Soil management changes organic carbon pools in alpine pastureland soils

X-G. Li, B. Singh, Zed Rengel, Z-Y. Zhan

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30 Citations (Scopus)


Unsustainable use and management of alpine pastureland for grazing and hay could reduce large pools of C stored in soils. We measured total organic C, total N, organic C associated with particle-size fractions, dissolved organic C and microbial biomass and activity at three soil depths under annual oats cultivated for hay for 28 years, introduced perennial pasture (8 years after establishment) and native pasture at an alpine site in western China.Compared with native pasture, the soil under annual oats had 26-42% lower total organic C and total N at different depths. In perennial pasture, total organic C and total N decreased by 10-18%, but only at 0-10 cm depth. Native pasture contained 19, 6.3 and 4.1 g of coarse organic C (0.1-2 mm size) per kg soil at 0-10, 10-20 and 20-30 cm depths, respectively. Corresponding amounts of fine organic C (0.05-0.1 mm size) were 3.2, 1.9 and 1.3 g kg(-1) soil, and those of stable organic C (<0.05 mm size) were 58, 56 and 54 g kg(-1) soil. Significant decreases in coarse organic C (by 58% at 0-10 cm, 30% at 10-20 cm and 66% at 20-30 cm depths), fine organic C (by 42-47% across different depths) and stable organic C fraction (by 28% at 0-10 and 10-20 cm depths and 38% at 2030 cm depth) were found in soil under annual oats relative to native pasture. In perennial pasture, coarse organic C decreased by 69% at 0-10 cm, 21% at 20-30 cm and 37% at 20-30 cm depths, whereas fine organic C decreased between 69 and 78% across different depths compared with native pasture. Dissolved organic C decreased by 40% (0-10 cm depth) and 11-16% (below 10 cm) under annual oats and by 16% (0-10 cm) under perennial pasture. During 10 days incubation, microbially respired C was lower in soil under annual oats and perennial pasture compared with native pasture. The significant decreases in many of the soil organic C pools in native alpine pasturelands caused by current land uses and associated management raise concerns about their long-term sustainability, and their adverse influence on the global C balance and soil quality, especially in case of annual pasture involving intensive soil disturbances. (c) 2006 Elsevier B.V. All rights reserved.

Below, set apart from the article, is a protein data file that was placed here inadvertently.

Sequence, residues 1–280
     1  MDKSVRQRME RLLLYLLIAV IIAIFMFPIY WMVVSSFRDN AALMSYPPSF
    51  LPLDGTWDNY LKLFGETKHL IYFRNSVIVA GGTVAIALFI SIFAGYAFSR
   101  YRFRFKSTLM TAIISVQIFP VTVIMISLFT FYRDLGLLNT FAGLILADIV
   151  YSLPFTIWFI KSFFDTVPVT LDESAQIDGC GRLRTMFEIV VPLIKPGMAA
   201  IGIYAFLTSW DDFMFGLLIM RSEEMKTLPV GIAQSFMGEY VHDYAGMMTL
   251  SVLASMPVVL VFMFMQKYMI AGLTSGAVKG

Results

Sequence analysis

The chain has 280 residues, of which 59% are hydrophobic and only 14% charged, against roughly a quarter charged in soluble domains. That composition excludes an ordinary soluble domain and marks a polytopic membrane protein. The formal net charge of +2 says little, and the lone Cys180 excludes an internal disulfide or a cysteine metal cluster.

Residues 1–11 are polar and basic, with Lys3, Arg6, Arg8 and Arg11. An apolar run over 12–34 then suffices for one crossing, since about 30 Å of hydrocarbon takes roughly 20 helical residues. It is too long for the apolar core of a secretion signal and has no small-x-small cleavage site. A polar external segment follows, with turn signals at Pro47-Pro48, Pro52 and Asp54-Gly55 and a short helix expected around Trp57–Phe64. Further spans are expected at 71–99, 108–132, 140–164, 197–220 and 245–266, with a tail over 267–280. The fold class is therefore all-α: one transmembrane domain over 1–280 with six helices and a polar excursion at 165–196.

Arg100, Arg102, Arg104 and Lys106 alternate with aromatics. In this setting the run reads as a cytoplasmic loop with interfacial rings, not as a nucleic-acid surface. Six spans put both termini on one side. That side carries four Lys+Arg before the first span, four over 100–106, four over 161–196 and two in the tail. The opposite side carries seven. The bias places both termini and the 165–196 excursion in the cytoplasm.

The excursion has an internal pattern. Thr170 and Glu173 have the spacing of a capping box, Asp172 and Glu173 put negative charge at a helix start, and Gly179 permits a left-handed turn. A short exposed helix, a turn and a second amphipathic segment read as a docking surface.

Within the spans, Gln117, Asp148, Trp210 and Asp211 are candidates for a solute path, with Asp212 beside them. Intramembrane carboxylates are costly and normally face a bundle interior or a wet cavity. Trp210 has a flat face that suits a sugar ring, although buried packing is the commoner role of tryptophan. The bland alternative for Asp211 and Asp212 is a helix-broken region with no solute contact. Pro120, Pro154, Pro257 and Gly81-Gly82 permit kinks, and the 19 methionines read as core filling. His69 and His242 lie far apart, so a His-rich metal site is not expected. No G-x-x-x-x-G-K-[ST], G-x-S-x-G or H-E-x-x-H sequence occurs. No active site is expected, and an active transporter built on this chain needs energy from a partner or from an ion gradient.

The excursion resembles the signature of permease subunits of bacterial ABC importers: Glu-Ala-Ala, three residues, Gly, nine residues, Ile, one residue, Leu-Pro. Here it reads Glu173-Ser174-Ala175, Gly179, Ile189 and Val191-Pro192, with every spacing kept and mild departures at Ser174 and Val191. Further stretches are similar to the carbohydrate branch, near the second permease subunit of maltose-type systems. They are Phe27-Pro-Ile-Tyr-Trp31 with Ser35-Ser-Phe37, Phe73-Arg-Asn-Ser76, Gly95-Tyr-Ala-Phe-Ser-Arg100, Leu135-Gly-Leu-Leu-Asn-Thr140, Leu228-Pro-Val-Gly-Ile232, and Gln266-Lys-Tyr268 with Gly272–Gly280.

Original languageEnglish
Pages (from-to)186-196
JournalSoil & Tillage Research
Issue number1
Publication statusPublished - 2007


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